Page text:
It feels like every time two female characters become a couple in a cartoon for children, some people steer the conversation toward gay male characters in animation instead. Specifically, they claim that lesbians and bisexual women are over-represented in fiction compared to gay and bisexual men. In actuality, all kinds of LGBTQ identities are vastly outnumbered by heterosexual and cisgender characters.
As a lifelong fan of cartoons, a number of examples come to mind when others lament a lack of gay and bisexual male characters. They often appear in the same cartoons as lesbian and bisexual female characters: OK K.O.! Let’s Be Heroes, She-Ra and the Princesses of Power, Steven Universe, The Loud House, Twelve Forever, etc. No one’s obligated to watch or enjoy the source material, but people act as if they don’t exist. On one hand, I don’t want to derail news about lesbians. On the other hand, perhaps an informative resource could expand the conversation and prevent bad faith in the future.
Before we get to the list, let’s first establish that LGBTQ creators take precedent over fictional characters, whether they’re out and whether they have LGBTQ characters. In observance of Pride Month and in honor of Black Lives Matter, here are ten openly LGBTQ Black people in animation to start with. You can also find this list at the end of the article.
Now, here it is: an article of just what it says on the tin, created to answer “where are the gay/bi male characters?” in good faith. It’s not about gay and bisexual men behind the scenes, the history of queer-coding, or characters in animation aimed at adults. A little subjective analysis here and there, but aiming to mostly state the facts. As such, these are not recommendations or endorsements. This is not a comprehensive list of every single instance of gay and bisexual male characters in children’s animation, either. It is an overview of patterns within the last decade primarily from the United States, with illustrative examples for each category. (Unfortunately, some examples come from cartoons with allegedly abusive creators. The titles have been marked with an asterisk and you can read the allegations here.) It is incomplete without characters outside the Anglosphere (such as Henri and Masato from Hugtto! Pretty Cure), and does not claim otherwise. Feel free to add your own examples via comments, but please don’t frame it as if they’ve been forgotten or erased.
Continue reading “Where to Find Gay and Bisexual Male Characters in Recent Children’s Cartoons: An Incomplete Overview”
The third episode of the second season of Fruits Basket backtracks to chapter 36 of the manga, in which Tohru Honda and Yuki Sohma visit Ayame’s costume boutique. That’s ten chapters before the previous episode, for those keeping track like me. The disparity between the anime and manga timelines has been apparent since Mine Kurame’s cameo in the second opening of the first season, and they’ve nearly caught up with her official introduction. “Shall We Go and Get You Changed?” adapts chapters 36 and 47, in which Yuki and Ayame discuss parent-teacher conferences, of the manga.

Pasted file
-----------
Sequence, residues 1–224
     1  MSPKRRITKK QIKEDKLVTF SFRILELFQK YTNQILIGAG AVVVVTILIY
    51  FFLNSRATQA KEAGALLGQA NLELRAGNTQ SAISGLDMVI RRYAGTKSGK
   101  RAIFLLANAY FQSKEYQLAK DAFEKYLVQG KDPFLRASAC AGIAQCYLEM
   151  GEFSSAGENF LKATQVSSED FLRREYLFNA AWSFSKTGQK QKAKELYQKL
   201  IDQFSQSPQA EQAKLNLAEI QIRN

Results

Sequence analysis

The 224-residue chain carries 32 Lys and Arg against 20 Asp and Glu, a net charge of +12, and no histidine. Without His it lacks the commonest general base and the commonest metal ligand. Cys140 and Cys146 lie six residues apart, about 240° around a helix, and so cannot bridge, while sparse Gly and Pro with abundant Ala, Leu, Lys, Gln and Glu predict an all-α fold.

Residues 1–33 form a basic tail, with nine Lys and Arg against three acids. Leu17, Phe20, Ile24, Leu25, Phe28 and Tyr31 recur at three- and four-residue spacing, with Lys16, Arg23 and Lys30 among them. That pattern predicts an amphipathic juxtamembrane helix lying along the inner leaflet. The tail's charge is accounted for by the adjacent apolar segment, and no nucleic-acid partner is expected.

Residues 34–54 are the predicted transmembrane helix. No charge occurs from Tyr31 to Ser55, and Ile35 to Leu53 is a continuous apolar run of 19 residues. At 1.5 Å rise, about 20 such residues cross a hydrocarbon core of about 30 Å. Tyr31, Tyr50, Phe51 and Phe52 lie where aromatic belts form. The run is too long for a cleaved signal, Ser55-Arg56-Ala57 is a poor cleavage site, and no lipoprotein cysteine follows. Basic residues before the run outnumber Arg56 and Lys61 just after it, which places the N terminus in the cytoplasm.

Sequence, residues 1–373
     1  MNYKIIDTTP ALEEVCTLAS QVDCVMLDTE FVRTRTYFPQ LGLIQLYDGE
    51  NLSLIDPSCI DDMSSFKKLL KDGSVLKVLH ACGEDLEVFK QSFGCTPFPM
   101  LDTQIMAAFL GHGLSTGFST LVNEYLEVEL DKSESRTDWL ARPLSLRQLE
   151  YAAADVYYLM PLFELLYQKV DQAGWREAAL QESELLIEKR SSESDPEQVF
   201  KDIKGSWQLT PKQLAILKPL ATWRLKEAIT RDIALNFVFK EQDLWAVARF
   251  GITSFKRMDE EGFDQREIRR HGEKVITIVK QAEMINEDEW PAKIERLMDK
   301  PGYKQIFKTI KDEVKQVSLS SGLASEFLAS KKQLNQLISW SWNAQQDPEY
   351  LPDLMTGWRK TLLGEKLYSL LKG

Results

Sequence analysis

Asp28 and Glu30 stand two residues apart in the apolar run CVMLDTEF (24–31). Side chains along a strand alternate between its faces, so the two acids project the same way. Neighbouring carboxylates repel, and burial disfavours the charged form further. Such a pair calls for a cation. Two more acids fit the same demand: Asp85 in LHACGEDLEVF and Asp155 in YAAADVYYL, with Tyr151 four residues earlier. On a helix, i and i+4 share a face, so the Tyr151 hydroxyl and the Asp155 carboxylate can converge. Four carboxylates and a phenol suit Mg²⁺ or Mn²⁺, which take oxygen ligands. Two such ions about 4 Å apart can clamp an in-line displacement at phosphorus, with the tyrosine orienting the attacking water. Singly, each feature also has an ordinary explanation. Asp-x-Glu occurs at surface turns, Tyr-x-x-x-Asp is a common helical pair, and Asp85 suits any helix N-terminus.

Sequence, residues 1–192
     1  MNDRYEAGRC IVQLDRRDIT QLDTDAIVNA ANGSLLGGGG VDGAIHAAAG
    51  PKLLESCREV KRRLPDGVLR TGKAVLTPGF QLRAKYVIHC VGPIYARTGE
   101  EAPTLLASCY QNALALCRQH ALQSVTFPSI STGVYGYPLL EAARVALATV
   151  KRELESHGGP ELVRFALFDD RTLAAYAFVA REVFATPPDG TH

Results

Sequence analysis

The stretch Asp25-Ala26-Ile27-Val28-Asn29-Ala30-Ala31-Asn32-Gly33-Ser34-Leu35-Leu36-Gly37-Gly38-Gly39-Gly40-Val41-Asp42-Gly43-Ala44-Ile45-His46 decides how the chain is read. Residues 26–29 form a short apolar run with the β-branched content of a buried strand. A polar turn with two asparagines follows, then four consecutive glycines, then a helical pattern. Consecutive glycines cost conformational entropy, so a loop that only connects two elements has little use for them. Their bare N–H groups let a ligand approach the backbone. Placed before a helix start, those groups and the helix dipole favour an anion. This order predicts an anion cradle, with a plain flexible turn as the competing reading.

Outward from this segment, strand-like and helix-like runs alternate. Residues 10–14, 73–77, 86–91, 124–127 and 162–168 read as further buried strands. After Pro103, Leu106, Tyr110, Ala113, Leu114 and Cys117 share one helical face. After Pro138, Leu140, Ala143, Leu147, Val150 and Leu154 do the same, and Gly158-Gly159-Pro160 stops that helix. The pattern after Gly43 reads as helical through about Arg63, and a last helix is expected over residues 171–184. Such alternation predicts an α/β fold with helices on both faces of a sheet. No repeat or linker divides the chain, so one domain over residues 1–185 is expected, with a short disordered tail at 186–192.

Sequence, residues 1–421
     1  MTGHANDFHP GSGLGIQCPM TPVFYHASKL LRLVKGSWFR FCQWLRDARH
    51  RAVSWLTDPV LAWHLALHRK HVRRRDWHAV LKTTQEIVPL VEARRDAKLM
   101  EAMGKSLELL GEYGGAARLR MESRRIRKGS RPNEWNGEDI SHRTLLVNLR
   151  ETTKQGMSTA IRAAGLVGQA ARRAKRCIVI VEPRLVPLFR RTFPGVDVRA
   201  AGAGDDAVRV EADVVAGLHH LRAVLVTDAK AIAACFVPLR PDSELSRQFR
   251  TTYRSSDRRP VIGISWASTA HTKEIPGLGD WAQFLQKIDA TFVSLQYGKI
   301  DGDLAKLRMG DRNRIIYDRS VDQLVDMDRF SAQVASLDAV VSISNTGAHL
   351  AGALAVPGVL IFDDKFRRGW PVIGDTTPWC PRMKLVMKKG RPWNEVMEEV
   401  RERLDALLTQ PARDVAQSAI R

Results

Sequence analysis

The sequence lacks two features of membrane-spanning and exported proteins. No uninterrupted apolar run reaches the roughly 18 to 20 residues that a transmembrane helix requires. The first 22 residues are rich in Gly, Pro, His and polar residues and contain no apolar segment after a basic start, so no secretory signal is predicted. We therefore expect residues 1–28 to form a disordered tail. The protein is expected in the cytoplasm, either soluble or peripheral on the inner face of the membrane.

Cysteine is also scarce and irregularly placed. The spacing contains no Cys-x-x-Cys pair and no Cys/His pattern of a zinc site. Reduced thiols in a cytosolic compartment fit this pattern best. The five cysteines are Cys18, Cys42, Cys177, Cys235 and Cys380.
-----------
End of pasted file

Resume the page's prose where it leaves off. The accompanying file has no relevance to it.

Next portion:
The combination has a lot to cover: Yuki and Tohru’s blossoming relationship, Yuki and Ayame’s shared history as well as newly forged brotherhood, and Mine’s introduction. All the while, it notably doesn’t contain a single reference to the Chinese zodiac nor the curse upon the Sohma family. With almost all the zodiac introduced and transformations no longer necessary to show their corresponding animal, Fruits Basket begins to move on from the physical effects of the curse to the psychological. In this case, we look at how brothers Yuki and Ayame fare differently as members of the zodiac.
This post contains discussion of child abuse, homophobia, and transphobia.
Continue reading “Fruits Basket Episode 28: Oh Brother”
The second season of Fruits Basket continues with its second episode “Eat Somen with Your Friends,” and so does this weekly recap and analysis series. With anime production across the industry up in the air and more shows postponed due to COVID-19, it is unclear how long Fruits Basket season two will last. The first three episodes were completed back in March to run in US theaters, but the rest of production is unknown. For now, I plan to write these recaps as long as the show stays on streaming sites, but I understand if production will be suspended.
“Eat Somen with Your Friends” merges manga chapter 46, in which Tohru and Kyo discuss their futures with a career plan assignment in mind, and 52, in which Tohru and Kyo visit Kazuma’s house for lunch. Like “Hello Again,” the combination comes naturally through shared characters. Together, they underline the uncertainty Kyo and Tohru share over what lies ahead. While the last episode looked at Yuki’s character development, this time we marvel at how far our other leading man has come and where he will go with Tohru.